Iceland to Vinland
One thousand years ago, Leif the Lucky brought a bit of Iceland
to the shores of Newfoundland and Labrador. More recently, Dr.
Jean Brown of Memorials Faculty of Education has been continuing
this tradition through her research on the Icelandic educational
Despite the provinces recent surge of interest in Iceland,
Dr. Brown noticed that education was not being studied.
So, with funding from the Newfoundland and Labrador Teachers
Association, the Atlantic Canada Opportunities Agency, the provincial
Department of Development and Rural Renewal, and Industry Canada,
along with help from the Centre for Telelearning and Rural Education,
she did a comparative study of education in rural Iceland and
in School District #2 (Northern Peninsula and Southern Labrador).
Dr. Browns work was not an individual effort. I knew
that if I was to use a traditional research design ... it was
going to take an awful long time to discover what I discovered,
she commented. Instead, the research design was to have
a study tour, in which educators and key organizations from around
the province would be invited to be part of. They would become
researchers ... and be given tasks that were particular to their
expertise. Because of this team effort, aspects of labour,
administration, technology, and curriculum received specialized
Iceland is well known for its economic vitality and high level
of literacy. What Dr. Brown found was a tantalizing mix of parallels
and dissimilarities between society and geography with Newfoundland
and Labrador. If you look at the island of Iceland, you
will see that they have small, remote, rural communities, just
as we do. They are often isolated with very difficult geographical
conditions which make the providing of education really difficult.
So, queried Dr. Brown, why have they got a 100 per
cent literacy while we are the lowest in Canada?
The difference, she found, lies in the Icelandic models
emphasis on pre-school education, municipal involvement, and
the professional development of teachers.
Dr. Brown, citing research in early childhood development, believes
that pre-school is an important ingredient in Icelands
success. There are four levels of schooling, and the first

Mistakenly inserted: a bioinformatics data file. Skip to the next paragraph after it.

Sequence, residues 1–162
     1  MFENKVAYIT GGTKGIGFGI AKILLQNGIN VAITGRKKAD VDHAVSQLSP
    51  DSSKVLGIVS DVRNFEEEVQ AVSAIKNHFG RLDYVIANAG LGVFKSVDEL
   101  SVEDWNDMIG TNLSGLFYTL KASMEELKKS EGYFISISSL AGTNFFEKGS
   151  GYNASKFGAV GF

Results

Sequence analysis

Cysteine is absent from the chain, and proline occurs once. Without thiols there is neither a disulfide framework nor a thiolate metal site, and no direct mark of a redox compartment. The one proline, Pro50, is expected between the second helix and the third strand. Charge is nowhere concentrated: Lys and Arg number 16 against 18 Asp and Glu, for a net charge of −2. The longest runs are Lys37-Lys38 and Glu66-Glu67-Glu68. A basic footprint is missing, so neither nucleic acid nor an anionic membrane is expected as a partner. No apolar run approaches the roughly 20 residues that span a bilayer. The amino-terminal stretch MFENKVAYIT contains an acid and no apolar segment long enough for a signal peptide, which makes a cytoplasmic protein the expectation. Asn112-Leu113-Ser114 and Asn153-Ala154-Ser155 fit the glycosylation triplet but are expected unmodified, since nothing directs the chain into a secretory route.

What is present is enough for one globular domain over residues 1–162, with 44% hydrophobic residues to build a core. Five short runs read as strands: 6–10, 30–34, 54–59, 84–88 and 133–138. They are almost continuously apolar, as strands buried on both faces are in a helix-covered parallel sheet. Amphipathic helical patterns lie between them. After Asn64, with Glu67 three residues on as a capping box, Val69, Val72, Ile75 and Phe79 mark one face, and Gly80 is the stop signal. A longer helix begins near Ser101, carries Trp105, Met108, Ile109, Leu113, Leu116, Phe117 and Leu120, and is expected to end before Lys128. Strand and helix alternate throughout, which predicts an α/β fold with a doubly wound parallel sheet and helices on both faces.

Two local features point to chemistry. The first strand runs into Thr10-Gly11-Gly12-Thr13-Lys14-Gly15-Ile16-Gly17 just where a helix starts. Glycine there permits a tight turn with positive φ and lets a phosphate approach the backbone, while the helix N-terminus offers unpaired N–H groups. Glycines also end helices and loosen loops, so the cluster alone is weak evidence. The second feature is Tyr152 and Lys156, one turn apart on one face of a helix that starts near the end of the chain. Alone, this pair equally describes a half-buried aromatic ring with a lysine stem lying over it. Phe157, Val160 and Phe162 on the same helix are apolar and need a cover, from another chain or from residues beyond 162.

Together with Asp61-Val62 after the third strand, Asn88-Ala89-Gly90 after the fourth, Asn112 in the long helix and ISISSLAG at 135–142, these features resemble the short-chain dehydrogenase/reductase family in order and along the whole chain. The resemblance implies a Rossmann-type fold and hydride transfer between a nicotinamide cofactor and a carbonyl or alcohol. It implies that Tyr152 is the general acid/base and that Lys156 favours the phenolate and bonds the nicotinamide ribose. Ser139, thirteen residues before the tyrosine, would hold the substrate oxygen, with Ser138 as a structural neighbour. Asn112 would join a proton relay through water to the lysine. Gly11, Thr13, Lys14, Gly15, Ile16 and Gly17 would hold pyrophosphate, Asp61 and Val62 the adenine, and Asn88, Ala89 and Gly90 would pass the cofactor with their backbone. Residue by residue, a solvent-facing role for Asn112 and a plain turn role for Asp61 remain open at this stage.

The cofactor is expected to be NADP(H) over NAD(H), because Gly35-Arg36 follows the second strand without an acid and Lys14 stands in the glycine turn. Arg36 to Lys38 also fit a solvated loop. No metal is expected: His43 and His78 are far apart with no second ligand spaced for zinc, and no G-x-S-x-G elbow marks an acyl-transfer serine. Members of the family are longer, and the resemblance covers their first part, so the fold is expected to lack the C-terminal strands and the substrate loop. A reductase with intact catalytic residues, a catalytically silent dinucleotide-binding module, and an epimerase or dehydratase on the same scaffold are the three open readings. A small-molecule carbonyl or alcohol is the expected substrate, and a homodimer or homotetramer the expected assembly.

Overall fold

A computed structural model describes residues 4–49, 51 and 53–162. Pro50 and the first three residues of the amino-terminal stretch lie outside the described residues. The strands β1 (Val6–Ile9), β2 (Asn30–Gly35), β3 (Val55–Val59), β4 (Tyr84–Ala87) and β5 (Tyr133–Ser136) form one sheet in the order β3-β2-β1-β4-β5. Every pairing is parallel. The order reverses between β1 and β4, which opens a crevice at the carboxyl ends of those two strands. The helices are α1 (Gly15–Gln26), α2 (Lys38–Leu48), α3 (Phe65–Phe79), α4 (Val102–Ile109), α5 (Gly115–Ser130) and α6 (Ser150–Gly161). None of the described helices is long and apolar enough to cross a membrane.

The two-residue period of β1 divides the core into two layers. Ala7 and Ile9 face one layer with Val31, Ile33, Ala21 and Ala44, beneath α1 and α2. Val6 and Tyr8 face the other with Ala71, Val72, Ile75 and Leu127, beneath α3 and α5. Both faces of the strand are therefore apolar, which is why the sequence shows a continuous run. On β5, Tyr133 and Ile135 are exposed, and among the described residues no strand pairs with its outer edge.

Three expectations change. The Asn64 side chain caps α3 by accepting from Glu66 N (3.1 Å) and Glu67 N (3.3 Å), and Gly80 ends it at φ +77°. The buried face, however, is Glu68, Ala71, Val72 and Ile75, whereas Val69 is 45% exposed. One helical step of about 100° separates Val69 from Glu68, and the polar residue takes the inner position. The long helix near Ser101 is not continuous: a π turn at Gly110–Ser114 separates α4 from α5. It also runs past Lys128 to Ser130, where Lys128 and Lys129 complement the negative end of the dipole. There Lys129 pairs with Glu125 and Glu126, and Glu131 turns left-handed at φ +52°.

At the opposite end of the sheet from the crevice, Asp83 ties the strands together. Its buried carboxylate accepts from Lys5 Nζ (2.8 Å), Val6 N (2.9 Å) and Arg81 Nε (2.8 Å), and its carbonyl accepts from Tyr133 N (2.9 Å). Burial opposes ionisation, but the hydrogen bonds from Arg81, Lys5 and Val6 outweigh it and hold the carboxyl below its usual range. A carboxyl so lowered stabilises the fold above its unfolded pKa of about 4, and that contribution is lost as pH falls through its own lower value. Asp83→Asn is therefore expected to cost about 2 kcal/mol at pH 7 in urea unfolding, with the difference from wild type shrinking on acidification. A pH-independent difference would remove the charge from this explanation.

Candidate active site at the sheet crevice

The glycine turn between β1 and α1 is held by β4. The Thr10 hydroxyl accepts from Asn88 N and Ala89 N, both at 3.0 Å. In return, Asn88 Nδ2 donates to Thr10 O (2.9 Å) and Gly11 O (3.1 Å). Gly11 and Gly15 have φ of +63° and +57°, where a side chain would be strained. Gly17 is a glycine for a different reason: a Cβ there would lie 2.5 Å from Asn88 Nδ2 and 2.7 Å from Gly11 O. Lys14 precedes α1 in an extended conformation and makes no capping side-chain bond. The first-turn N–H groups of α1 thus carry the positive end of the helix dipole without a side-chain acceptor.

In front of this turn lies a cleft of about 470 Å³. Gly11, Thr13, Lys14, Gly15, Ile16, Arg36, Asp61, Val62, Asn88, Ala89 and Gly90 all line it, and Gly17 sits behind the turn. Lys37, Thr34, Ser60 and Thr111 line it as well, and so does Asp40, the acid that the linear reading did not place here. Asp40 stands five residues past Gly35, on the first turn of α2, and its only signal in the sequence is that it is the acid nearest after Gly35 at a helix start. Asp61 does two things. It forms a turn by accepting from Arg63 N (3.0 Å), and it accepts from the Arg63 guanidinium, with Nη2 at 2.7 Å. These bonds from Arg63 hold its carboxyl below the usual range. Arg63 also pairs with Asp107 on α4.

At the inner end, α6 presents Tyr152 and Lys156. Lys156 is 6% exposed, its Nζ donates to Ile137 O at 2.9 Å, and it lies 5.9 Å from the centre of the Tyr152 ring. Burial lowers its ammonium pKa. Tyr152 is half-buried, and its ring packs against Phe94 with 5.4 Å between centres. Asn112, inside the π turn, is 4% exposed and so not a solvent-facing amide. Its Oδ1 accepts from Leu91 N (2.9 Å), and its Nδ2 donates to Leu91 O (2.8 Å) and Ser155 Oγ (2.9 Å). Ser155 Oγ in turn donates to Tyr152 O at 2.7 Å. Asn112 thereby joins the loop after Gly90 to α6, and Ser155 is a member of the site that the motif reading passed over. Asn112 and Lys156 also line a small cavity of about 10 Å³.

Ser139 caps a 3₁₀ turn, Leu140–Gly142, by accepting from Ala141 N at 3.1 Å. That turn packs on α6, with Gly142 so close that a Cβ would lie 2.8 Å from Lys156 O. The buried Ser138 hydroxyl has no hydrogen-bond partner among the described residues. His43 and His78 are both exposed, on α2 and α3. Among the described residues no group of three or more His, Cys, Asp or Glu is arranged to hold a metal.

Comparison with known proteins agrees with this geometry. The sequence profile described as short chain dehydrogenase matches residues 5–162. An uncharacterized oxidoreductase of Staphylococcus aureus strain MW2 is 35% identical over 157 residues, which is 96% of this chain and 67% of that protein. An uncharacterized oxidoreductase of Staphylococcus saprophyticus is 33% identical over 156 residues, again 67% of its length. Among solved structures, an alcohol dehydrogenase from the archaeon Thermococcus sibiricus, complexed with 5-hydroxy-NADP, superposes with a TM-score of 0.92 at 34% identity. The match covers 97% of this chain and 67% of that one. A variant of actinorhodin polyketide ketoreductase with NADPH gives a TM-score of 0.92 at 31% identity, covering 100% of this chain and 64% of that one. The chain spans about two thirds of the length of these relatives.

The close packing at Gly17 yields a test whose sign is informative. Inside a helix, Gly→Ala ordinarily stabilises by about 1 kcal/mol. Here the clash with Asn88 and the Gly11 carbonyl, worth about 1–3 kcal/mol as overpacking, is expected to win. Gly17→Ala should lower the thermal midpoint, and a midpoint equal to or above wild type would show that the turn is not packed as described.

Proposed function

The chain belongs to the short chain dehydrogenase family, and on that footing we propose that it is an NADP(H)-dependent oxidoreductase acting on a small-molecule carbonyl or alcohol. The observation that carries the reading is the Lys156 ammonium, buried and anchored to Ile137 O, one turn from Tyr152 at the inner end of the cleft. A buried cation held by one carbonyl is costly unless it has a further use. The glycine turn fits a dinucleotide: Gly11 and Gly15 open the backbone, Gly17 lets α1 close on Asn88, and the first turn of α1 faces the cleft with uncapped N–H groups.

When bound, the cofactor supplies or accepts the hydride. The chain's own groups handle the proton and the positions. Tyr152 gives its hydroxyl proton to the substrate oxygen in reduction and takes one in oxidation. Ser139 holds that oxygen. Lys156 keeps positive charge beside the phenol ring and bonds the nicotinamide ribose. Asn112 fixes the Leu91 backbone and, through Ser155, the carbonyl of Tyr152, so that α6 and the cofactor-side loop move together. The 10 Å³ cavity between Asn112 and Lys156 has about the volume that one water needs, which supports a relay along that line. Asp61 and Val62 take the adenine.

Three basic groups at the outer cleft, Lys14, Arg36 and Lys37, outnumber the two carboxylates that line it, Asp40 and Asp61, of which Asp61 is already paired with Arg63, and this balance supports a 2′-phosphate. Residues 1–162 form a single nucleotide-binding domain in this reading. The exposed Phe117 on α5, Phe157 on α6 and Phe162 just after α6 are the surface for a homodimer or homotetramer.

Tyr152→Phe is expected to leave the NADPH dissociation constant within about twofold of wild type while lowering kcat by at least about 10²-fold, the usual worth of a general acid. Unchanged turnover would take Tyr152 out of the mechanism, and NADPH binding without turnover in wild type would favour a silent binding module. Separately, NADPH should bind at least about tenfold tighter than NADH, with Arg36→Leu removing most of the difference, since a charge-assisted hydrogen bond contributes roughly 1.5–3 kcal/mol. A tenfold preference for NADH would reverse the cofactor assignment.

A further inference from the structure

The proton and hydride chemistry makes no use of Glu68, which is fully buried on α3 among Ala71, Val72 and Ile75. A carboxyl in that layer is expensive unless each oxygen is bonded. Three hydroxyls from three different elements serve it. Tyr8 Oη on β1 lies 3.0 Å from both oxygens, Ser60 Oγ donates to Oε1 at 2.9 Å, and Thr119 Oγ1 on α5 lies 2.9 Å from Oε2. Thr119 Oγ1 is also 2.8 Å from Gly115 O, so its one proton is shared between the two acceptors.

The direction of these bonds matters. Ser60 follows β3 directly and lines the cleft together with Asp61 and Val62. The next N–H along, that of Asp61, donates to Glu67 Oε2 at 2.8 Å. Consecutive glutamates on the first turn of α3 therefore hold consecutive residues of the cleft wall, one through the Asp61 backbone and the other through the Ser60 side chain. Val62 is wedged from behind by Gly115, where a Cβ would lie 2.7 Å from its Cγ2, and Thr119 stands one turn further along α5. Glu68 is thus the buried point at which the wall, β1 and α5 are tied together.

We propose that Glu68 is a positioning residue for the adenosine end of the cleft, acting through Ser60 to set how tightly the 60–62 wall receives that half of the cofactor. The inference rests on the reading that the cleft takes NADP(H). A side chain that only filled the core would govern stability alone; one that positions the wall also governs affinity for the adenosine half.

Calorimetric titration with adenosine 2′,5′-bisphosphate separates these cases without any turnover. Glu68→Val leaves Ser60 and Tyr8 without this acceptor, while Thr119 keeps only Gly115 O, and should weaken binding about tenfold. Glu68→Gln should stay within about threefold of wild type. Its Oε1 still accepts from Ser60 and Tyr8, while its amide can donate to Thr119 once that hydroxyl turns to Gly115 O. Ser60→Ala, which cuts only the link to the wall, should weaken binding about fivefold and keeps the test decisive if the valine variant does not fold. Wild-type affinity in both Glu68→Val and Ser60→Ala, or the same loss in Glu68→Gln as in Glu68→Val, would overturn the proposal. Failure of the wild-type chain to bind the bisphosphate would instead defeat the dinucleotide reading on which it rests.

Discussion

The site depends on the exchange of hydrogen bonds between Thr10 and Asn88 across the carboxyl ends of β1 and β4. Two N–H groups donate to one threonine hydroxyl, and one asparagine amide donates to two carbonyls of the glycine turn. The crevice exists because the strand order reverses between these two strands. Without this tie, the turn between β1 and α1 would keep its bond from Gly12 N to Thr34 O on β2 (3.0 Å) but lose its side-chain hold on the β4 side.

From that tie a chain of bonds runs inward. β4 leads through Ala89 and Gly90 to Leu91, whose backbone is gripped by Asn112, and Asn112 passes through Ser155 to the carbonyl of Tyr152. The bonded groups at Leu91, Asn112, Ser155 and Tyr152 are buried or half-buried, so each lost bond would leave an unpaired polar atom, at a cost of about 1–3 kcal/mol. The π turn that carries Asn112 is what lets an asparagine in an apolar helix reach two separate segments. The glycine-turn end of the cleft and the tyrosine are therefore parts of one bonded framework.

level is pre-school thats quite different from Newfoundland.
Outside of the urban areas in Newfoundland, youll find
very few pre-schools they cant afford to operate
This is primarily because pre-school is completely privatized
in our province. The situation in Iceland is very different:
In any community, (pre-school) has to be provided. Its
costs are shared between the municipality, the parents and the
state one-third, one-third, one-third.
This division of labour is also evident in the decentralized
decision-making process. In particular, in Iceland the role of
the local community is crucial, whereas in Newfoundland and Labrador
the province and school boards are responsible for education.
Municipalities are responsible for education. That is a
big difference. In a small community, there wouldnt be
a school closure unless the municipality itself decided,
Dr. Brown explained. In Newfoundland, there is no role
whatever for the local municipal government in running schools.
Iceland makes a serious investment in its teachers. The
kind of ongoing, short-term modules for professional development
has really been lacking in our province, Dr. Brown commented.
In law, such courses have to be provided in Iceland. We
can learn from that kind of professional development model.
These differing emphases are a product of the unique society
that is Iceland. You cant look at education without
looking at the society, she said.
Icelands status as an independent nation is the foundation
of their educational thinking.One of the main things is
the difference between being a province and being a country.
(I) realized how much independence and control they truly have,
Dr. Brown pointed out. They have really strong public and
social programs ... education and public libraries being some
examples. Education is free all the way to and including post-secondary.
According to Dr. Brown, the structure of Icelands educational
system has deep roots: (Icelanders) come from a tradition
of an emphasis on literacy that goes back many generations,
she said. Icelands Lutheran Church inculcated a deep appreciation
of literacy, because every person within the Lutheran Church
was supposed to be able to read the Scriptures. Because
of this heritage, the access to and emphasis on reading
is much stronger in Iceland than in this province.
Finally, a good dose of self-awareness has helped the Icelanders
reach their educational goals. I found that, as a society,
they value their culture and really work at the preservation
of culture, Dr. Brown remarked. This, in particular, has
given music and art a central role in Icelandic curriculum: Theres
a lot more emphasis on the arts.
Is the Icelandic model applicable to this province? Dr. Brown
isnt sure: I dont know if we (in Newfoundland
and Labrador) value the school in the community enough. If it
came to an increase in our taxes, would we be willing to follow
the Icelandic example?
If the answer is affirmative, the Iceland of today might yet
again form a part of the Newfoundland and Labrador of tomorrow.